Last updated 10 August 2017
Digital identity is well and truly established as one of the most significant technology trends on the planet.
Indeed, for a growing number of public stakeholders and citizens, it's already a day-to-day reality. As a result, a revolution in the way that individuals interact with public institutions is underway. And the private sector is fast getting in on the act too.
In this dossier, we'll highlight the five key digital identity trends that are set to shape the landscape in 2017.
But first, let's look back at some of the landmarks of 2016.
Digital ID milestones for 2016
Before we look to the future, let's review the big ideas that gained traction in 2016. This will provide some reliable indicators as to where we are heading in 2017 - and beyond.
National ID schemes increased in number, visibility and reach
- The UN and World Bank ID4D initiatives set a goal of providing everyone on the planet with a
legal ID by 2030.
- Numerous new
national eID programs (including card and/or mobile-based schemes) were launched or initiated. Examples include new schemes in Algeria, Cameroon, Jordan, Italy, Senegal and Thailand, major announcements in the Netherlands, Bulgaria, Norway, Liberia, Poland, Jamaica and Sri Lanka, and a pilot scheme in Myanmar. Most of these programs now include
biometrics, the majority in the form of fingerprints.
- Schemes such as the
Gov.UK Verify initiative were also introduced in 2016, and Australia announced that the first phase of its digital identity program will be launched by August 2017.
New technologies and regulations emerged, supporting and shaping the digital transformation ahead
Digital driver's license projects (also known as mobile driver's licenses) gathered momentum in countries including the USA, UK, Australia and the Netherlands.
- Early tests of blockchain technologies took place: in Estonia, to aid development of a ground-breaking transnational
e-residency program; in the UK, to see how it can be used to help make efficient welfare payments to citizens.
Smart borders/smart airports emerged at a faster pace. Combined with the 700 million plus ePassports now in circulation, and a strong push behind biometrics (particularly face recognition), they offered travelers a taste of cross-border movement that is as secure as it is swift and seamless.
- The European Union's Electronic Identification and Signature (eIDAS) regulation came into force in July 2016, requiring mandatory cross border recognition of eID by September 2018.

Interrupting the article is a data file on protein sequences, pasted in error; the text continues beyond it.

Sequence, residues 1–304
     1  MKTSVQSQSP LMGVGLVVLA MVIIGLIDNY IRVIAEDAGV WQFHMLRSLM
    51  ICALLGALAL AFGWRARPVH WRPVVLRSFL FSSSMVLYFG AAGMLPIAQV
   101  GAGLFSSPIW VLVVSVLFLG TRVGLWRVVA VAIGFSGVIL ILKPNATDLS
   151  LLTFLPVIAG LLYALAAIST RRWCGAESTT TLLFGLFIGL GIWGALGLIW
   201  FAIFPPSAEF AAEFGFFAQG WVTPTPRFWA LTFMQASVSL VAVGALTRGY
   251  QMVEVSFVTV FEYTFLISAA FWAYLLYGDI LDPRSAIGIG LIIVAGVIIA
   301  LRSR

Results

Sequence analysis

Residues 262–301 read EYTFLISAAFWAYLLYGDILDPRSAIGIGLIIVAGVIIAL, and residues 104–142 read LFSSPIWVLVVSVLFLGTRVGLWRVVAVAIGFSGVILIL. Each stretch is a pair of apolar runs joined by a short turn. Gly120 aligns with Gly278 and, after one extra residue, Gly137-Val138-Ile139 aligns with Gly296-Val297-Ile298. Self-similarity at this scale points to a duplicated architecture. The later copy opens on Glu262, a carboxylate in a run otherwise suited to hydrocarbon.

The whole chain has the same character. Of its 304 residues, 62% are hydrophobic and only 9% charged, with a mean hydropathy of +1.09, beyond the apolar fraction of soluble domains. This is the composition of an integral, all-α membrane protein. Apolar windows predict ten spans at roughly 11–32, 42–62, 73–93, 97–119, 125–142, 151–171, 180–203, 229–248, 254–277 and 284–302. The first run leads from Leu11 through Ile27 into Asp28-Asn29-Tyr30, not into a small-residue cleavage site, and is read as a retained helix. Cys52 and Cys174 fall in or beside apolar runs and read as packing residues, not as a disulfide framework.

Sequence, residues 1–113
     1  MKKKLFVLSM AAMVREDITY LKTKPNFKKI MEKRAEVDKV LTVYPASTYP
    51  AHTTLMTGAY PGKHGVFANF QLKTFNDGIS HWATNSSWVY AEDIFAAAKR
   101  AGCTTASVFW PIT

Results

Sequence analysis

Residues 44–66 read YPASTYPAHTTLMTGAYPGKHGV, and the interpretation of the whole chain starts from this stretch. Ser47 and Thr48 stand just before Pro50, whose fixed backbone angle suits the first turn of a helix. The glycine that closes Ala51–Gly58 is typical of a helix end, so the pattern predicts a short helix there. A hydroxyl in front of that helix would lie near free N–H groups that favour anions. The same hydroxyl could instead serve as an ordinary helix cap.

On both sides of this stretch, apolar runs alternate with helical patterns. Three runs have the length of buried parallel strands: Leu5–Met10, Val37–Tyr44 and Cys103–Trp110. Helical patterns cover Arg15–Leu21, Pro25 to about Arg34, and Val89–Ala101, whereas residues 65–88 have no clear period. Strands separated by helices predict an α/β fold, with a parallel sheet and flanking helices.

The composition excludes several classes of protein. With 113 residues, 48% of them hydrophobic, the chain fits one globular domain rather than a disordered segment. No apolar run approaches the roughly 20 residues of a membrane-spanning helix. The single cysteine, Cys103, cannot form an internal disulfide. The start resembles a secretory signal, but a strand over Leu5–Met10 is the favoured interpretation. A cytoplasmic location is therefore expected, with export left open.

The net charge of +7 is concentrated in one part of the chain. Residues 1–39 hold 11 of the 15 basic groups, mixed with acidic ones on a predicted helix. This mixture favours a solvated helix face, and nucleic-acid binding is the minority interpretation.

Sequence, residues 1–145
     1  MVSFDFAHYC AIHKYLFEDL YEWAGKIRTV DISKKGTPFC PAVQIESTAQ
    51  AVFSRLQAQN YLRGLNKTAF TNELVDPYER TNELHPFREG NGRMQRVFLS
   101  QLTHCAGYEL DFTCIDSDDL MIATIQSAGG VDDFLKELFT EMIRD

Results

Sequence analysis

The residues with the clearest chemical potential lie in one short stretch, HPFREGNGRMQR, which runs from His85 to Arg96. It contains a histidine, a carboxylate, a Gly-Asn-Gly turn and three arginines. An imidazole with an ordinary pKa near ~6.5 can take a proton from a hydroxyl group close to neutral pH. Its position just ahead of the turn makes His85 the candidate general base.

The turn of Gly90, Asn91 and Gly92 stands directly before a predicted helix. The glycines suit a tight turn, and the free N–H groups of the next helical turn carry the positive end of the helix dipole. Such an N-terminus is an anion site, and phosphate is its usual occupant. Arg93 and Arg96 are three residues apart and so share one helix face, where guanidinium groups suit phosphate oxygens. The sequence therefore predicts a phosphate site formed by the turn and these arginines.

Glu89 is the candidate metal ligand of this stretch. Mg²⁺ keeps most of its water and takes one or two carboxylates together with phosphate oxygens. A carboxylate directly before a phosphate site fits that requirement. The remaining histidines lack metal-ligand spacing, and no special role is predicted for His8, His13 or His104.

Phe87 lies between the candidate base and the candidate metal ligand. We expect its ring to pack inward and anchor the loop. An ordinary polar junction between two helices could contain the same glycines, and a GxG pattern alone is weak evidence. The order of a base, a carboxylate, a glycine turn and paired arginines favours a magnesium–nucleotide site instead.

New standards emerged, fostering compatibility and interoperability
- A new ICAO working group on digital travel credentials was created, led by Australia.
LDS2 conception phase – 'the future of the ePassport' - was undertaken by the ICAO NTWG Logical Data Structure 2 Sub-Group.
- The ISO SC17 WG10 - Task Force 14 "Mobile Driving Licence" started to work on verification standards for Mobile DL and defined the scope of off-line verification. 2017 will see draft specs of both off-line and on-line verification appear for a new work item.
- The IATA mobile ID working group was constituted in 2016, and is starting in 2017.
- The US Commerce Department's National Institute of Standards and Technology (NIST) awarded a federal grant to further support development of trusted identities, based on the Digital driver's license.
Digital identity - 5 forces that shape 2017
To start with, don't expect any slow down in the momentum we've experienced over the last year.
2017 will see some of the most
accelerated evolutionary changes experienced so far by public stakeholders and their partners in the field of secure digital identity.
In particular, we think that these changes represent essential considerations for authorities that want to make digital identity and on-line services (particularly mobile services) defining features of their modernization processes in the years to come.
We expect to see:
- More mobility
- Greater demand for security and trust
- An accelerating shift towards smart cities
- More calls for public supervision of digital identification systems
- Even more National ID card and eID programs, national ID initiatives and implementations
Let's dig in.
#1 Mobile communication dominates
ID will become ever more mobile in 2017. Of course it doesn't take an expert to recognize we've entered an era in which mobile connectivity dominates. But it's worth emphasizing that the trend shows no sign of abating. And the implications for digital ID are profound.
Look at some of the facts:
- 75% of internet use in 2017 will be mobile according to Zenith's new Mobile Forecast report
- Google – a company that knows a thing or two about the future of technology - is steadily moving towards a
The lesson for all digital ID stakeholders is clear: prepare for
#2 Guaranteed security: Private data, public framework
We'll expect nothing less in 2017. Identity is the link that connects an individual to his or her community. For public authorities, the key challenge in 2017 will be to create harmonious digital bonds that secure the relationship between new mobile identities and wider society.
This is only possible through a
public framework of trust, built on guarantees of private data protection and security.
In 2017 we'll see once again that measures taken to bolster security and combat fraud are generally well accepted by citizens. These are, of course, sovereign matters par excellence.
These predictions are confirmed by what we discovered about